Flash-forward to my second year at Penn. Everything is going fine. Twins are now 14 months old, and we luck out and find a bigger house, a foreclosure with a low mortgage. Only 11%! In South Philly. How good could it get?!
At Penn that year, in my physiology course, we had a laboratory that required using two dogs. Nothing bad happened to them. We gave them a placebo, took blood samples and measured drug clearance times. That was it. After four weeks, the little odd man that took care of the lab animals whispered in a barely audible voice that the two dogs were up for adoption. I figured there would be a clamor among my classmates to adopt these dogs. After all, some of my classmates lived in the suburbs!
On the last day of the lab, the little man said that nobody had shown an interest in the dogs. He had taken a shine to the big black hound and was adopting him. But nobody wanted the old blue tick. I had named the blue tick Elvis because he was nothin’ but a hound dog and he took drugs. Elvis seemed very old and had been de-barked at a previous lab, so his bark was pitiful. He leaned on me, and I rubbed his ears between drug clearance times.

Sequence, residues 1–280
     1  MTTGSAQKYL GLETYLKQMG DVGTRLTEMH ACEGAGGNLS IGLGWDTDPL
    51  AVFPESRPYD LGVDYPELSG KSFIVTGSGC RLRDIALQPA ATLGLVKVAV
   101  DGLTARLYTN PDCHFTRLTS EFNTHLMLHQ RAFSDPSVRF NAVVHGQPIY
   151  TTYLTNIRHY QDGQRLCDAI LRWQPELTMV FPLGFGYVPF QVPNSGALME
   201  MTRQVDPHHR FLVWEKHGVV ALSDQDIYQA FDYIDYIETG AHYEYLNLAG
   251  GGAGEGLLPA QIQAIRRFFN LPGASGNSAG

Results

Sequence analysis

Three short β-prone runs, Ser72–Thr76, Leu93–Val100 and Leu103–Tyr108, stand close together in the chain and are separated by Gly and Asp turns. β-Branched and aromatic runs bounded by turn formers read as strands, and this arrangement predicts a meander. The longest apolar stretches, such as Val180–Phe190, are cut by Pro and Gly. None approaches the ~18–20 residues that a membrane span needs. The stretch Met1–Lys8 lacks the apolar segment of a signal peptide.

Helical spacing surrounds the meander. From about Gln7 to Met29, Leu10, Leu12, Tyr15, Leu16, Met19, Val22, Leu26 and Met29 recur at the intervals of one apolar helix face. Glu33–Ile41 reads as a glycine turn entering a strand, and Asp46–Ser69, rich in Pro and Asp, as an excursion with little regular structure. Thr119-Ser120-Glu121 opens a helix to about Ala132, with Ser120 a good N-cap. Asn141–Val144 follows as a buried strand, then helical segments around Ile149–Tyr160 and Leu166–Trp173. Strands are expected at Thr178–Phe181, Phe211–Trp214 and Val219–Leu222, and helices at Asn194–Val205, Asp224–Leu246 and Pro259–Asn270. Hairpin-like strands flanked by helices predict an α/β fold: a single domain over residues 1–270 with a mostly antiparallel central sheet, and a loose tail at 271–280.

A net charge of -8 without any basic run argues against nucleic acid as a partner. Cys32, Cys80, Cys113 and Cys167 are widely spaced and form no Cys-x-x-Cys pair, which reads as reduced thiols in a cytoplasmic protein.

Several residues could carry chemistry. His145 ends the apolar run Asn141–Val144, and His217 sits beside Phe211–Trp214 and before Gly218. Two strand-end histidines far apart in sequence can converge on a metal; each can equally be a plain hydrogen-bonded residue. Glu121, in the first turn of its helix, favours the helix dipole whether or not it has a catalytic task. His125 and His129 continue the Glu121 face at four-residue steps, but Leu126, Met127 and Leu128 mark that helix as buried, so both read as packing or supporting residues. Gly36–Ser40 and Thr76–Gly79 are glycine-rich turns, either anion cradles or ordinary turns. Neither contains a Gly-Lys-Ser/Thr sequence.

I brought Elvis home to South Philly to the not-the-smallest-house in the world. My husband was not pleased, and rightfully so. This would be the first in a long line of my rescues. I learned to ask and discuss in the future. (This is a good save-your-marriage-technique.)
“But he would have been euthanized,” I said.
“I can’t believe nobody wanted him,” I said.
“He doesn’t really bark,” I said.
“He’s really old,” I said. “He’s gonna die soon. We’re just letting him live out his life.”